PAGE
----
You can, it seems, be both innovative and derivative at the same time.
So rather than being one of the other, you can use innovation to disrupt an existing derivative business model, which places you on the cusp of both.
Just over a year ago I wrote a short article titled Derivative or Innovative, in which I laid out a theory that tried to explain the components of the two different approaches and (over) simplified it into how the operational model executes. It was also very skewed to the digital world.
I suggested that to be successful in a derivative model you could only incrementally improve the customer services and efficiency side of the business. On reflection, I was wrong to make it so black and white. There is a place for a business to be more efficient, cheaper to run and focussed on client retention but that’s not the only scenario whereby a derivative business can prosper.
Basing your business model on an established one will get your started, and if run with enough discipline, it can generate the cash to migrate to a more innovative one. Or incentivise your staff to be innovative. Innovation is largely about risk, doing something not done before such as a takeaway chain sells £10 burgers. By way of contrast, opening a.n.other McDonalds franchise is close to zero risk.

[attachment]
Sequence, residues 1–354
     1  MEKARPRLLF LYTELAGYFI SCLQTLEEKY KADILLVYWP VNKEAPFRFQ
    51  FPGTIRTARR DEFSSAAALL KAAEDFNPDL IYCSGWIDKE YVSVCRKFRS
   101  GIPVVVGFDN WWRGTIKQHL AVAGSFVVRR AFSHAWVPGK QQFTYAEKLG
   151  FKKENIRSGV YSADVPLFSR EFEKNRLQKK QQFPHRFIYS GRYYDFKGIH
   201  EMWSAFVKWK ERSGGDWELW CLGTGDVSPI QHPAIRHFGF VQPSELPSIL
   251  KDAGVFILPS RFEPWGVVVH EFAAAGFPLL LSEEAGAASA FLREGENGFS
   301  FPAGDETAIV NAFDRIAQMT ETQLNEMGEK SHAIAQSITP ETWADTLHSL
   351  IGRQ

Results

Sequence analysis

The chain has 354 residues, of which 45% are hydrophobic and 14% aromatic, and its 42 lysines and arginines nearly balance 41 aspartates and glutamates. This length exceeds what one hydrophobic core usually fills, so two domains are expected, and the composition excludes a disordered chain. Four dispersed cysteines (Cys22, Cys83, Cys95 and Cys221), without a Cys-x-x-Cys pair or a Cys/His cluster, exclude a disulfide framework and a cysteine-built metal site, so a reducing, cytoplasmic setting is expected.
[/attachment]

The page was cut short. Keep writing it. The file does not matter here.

Less risk, less returns. That most definitely is true. But it doesn’t follow that high-risk will generate any returns, that is down to the vision of the business leaders, a bit of luck and a good deal of timing.
I still stand by one element of my theory, it’s very much a function of the business leadership – it’s easier to build a derivative model and certainly cheaper and without the vision to develop the business it will die. That’s probably stating obvious, but many a (large) corporation seems to forget that and fall by the wayside.
The grey area I failed to cover revolves around internal innovation. Taking a good existing model and then improving on the way it’s delivered. These improvements should be giant steps, aim for reducing costs by 20%, not 1%. Aim to increase efficiency by a number of orders, not just 5%.
People do this, not processes – that means creating a culture of innovation and trying out lots of new stuff. And here is the rub, it’s pretty hard hiring innovators if you’re thinking operationally and derivative. Your time, and approach is so closely linked with perfecting an existing model that you’ll stop seeing trees for the wood.
Which takes us back full circle to the business leadership. This is where the innovation starts. So, if you want to work in a place of innovation then you need to fix that internally first.